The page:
The Florida Board of Education voted Wednesday to put a ban on discussions of sexual orientation and gender identity through 12th grade.
The move expands on a previous ban for kindergarten through third grade. The move is being applauded by some and met with outrage by others.
“This is going to just destroy any semblance of community queer people have had at public schools in Florida,” said Will Larkins, a non-binary senior at Winter Park High School.
They said they do not agree with the Board of Education’s decision.
“Sexuality gender identity that’s a discussion that needs to be happening from an early age,” Larkins said. “It’s a fact of life. It’s part of being a student it’s part of being a person. So banning that discussion all the way through 12th grade will cause so many problems it will take away so many safe spaces.”
But on the very school board that oversees Larkin’s high school — Orange County — at least one member, Alicia Farrant, agrees with the move, saying students need to be focused on things like reading and writing.
“They’re not there to learn about different genders or how they can change their gender,” Farrant said.
And state representative Randy Fine is on the same page.
“School is only so long,” Fine said. “There’s only so many minutes in a day, there’s only so many minutes in a year and every minute they waste on social indoctrination is a minute they haven’t spent teaching.”
Farrant says the Orange County Board will need to take another look at the curriculum after the state board’s decision.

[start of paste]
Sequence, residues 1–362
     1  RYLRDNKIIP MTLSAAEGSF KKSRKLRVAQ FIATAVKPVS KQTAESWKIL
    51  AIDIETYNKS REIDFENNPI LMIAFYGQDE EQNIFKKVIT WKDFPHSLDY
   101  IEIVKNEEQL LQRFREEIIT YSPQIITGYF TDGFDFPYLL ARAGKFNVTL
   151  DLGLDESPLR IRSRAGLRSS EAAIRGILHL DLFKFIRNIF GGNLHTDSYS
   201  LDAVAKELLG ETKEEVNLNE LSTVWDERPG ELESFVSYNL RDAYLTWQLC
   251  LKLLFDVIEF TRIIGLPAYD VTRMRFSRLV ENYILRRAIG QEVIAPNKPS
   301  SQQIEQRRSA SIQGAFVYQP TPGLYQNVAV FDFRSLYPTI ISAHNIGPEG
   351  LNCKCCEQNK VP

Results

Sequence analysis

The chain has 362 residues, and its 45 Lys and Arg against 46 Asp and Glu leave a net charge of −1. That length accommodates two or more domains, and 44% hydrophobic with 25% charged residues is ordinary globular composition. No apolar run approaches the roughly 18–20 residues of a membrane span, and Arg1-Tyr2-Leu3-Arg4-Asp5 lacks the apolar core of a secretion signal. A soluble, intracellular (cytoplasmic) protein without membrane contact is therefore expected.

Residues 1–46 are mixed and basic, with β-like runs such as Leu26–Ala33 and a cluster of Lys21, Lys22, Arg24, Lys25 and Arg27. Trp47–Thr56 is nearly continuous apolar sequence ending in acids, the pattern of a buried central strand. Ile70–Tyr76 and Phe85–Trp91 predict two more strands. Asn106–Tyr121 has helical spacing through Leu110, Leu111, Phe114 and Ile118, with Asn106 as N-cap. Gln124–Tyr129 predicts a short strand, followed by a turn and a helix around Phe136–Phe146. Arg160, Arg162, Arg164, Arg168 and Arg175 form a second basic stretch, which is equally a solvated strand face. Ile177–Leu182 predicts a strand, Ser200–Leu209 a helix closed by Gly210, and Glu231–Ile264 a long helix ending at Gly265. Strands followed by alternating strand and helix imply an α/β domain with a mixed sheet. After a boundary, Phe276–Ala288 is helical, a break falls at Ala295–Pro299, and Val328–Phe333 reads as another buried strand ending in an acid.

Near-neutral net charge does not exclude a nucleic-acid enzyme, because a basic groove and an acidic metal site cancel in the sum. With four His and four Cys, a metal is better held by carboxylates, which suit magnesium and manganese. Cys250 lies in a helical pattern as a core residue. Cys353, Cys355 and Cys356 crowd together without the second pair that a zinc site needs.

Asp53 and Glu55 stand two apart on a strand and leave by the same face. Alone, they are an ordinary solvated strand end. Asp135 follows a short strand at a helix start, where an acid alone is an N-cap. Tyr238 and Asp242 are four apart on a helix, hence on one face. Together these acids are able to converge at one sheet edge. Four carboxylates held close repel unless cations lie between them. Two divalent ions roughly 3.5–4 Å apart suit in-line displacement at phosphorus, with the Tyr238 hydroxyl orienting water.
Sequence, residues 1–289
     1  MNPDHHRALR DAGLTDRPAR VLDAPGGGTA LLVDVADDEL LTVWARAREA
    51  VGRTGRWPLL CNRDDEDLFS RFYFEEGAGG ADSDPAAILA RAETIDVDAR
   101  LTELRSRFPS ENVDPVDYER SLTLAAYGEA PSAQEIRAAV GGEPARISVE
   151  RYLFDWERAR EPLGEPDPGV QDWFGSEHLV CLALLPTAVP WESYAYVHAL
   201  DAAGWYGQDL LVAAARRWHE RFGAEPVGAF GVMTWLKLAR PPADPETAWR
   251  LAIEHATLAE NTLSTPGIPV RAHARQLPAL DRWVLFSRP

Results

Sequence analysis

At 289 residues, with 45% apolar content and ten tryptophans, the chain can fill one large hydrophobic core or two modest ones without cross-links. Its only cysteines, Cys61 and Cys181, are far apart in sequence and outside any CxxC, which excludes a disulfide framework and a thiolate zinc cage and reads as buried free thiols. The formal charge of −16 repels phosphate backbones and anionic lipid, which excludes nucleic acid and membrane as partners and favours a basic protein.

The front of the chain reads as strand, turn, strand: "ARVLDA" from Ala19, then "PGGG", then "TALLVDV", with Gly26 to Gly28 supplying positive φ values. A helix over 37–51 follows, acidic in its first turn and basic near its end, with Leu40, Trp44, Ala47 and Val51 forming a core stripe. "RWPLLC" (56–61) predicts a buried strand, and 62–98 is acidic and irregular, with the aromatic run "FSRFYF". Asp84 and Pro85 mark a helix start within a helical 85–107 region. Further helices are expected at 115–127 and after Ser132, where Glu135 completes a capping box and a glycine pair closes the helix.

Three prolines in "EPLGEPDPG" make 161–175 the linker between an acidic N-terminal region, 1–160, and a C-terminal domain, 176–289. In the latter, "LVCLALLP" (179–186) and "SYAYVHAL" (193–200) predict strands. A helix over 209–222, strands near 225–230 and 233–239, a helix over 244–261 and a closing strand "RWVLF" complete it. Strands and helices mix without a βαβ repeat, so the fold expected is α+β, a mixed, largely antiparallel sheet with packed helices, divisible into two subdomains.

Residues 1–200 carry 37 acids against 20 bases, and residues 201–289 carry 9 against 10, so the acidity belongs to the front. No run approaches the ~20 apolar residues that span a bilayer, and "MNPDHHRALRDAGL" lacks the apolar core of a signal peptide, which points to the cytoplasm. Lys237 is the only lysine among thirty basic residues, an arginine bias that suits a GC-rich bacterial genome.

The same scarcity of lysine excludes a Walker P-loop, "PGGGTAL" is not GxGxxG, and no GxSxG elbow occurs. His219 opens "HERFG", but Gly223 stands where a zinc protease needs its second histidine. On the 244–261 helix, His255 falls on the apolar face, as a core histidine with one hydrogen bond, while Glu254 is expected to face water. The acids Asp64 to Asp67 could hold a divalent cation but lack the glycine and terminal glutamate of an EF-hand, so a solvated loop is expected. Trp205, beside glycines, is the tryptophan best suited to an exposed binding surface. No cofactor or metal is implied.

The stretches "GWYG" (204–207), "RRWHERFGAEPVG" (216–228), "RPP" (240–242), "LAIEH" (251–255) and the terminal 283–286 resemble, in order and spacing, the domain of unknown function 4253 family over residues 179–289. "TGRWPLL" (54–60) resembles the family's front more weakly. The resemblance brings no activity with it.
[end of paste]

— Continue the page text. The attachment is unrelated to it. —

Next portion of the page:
“And see how we can change that to make sure we’re in compliance with the law,” Farrant said.
And Fine says the decision shouldn’t put any added pressure on teachers.
“If this presents problems for teachers it means they’re teaching the wrong things,” Fine said.
But Andrew Spar, Florida Education Association President, says this decision will cause confusion for teachers. What happens if a student asks them a question?
“Are they not to answer that question, if they answer that question do they risk potentially losing their job?” Spar said.
And he says it comes at a time when strain on teachers is already high.
“Right now, Florida faces the worst teacher staff shortage we’ve ever seen,” Spar said. “When laws like this are passed and rules are adopted by the department of education such as this, it often puts an additional strain on teachers and is driving them out of the profession.”
The move will ban teaching about sexual orientation and gender identity unless it, “is either expressly required by state academic standards” or is part of a health or reproductive health class parents can opt their students out of, according to Board of Education documents.
This expansion of the “Don’t Say Gay” initiative comes at a time that the House also passed bills on gender-transition treatments, bathroom use and keeping children out of drag shows.